The Influence of Sedentary Behavior on Cancer Risk: Epidemiologic Evidence and Potential Molecular Mechanisms

Abstract

Purpose of Review

Sedentary behavior is an emerging risk factor for several cancers. Here, we review the current epidemiologic evidence on sedentary behavior and cancer risk and summarize potential underlying molecular mechanisms.

Recent Findings

High compared to low sedentary behavior is associated with a 28–44% increased risk of colon cancer, a 8–17% increased risk of breast cancer, and a 28–36% increased risk of endometrial cancer. For other cancer sites, the current evidence is insufficient, mainly due to sparse numbers of available studies. Potential underlying biologic mechanisms linking prolonged sedentary behavior to increased cancer risk include metabolic dysfunction, alterations in circulating levels of sex hormones, and low-grade systemic chronic inflammation.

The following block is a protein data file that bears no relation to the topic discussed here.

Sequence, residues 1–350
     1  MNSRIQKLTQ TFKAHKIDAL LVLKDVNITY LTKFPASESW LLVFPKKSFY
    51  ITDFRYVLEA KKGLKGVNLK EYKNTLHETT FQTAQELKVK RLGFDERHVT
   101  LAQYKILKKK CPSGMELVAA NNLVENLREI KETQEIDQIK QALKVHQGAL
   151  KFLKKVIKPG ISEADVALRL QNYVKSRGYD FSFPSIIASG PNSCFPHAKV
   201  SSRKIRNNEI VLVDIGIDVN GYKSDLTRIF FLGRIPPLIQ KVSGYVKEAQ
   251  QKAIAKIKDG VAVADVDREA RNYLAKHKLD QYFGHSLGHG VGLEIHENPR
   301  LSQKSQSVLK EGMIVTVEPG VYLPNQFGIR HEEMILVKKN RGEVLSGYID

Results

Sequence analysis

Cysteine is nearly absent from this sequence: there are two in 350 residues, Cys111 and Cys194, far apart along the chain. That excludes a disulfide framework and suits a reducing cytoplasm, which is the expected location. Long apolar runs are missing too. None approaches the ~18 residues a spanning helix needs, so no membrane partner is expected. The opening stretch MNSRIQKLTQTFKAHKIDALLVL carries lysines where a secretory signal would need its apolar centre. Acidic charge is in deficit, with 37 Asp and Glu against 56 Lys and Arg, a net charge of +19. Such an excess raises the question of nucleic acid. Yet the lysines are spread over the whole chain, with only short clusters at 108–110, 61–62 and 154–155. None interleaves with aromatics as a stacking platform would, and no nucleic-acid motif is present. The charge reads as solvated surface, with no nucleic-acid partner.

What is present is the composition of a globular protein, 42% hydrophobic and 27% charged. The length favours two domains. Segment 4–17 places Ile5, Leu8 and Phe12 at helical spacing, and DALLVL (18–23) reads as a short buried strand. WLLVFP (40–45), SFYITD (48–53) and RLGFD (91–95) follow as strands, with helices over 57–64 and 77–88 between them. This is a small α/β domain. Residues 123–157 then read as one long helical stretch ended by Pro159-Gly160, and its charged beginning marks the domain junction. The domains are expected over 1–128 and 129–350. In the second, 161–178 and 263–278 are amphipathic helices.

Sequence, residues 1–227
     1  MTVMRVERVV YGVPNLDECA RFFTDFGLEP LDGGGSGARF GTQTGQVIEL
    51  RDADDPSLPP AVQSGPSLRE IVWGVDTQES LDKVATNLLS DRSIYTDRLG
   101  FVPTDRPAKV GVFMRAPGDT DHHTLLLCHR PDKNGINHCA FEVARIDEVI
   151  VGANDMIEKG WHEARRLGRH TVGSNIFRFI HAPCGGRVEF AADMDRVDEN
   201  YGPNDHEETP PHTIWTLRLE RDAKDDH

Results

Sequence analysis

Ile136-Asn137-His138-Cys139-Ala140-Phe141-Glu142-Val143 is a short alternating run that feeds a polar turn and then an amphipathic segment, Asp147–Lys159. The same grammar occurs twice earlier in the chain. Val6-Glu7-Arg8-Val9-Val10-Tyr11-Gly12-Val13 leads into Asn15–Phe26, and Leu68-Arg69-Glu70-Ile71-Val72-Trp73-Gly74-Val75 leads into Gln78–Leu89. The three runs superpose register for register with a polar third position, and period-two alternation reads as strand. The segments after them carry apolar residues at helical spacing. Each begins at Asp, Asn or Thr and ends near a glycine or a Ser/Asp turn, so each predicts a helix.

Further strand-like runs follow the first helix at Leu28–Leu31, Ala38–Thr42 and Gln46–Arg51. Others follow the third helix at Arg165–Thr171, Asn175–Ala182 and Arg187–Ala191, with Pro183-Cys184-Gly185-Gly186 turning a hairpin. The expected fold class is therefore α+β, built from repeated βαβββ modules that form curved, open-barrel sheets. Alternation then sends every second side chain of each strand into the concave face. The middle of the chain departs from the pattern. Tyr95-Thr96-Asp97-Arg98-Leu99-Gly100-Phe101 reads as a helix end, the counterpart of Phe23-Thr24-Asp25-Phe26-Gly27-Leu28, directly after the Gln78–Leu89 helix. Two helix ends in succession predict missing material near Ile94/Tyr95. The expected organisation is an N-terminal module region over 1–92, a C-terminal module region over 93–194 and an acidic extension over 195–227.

Summary

Prolonged sedentary behavior is positively related to cancers of the colon, breast, and endometrium. For other cancer types, the current evidence is inconclusive. Underlying biological mechanisms are poorly understood and need to be an integral part of future research.

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Correspondence to Carmen Jochem.

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Carmen Jochem, Birgit Wallmann-Sperlich, and Michael F. Leitzmann declare they have no conflict of interest.

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Jochem, C., Wallmann-Sperlich, B. & Leitzmann, M.F. The Influence of Sedentary Behavior on Cancer Risk: Epidemiologic Evidence and Potential Molecular Mechanisms. Curr Nutr Rep 8, 167–174 (2019). https://doi.org/10.1007/s13668-019-0263-4

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Keywords

  • Sedentary behavior
  • Sitting
  • Cancer
  • Risk factor
  • Lifestyle
  • Adiposity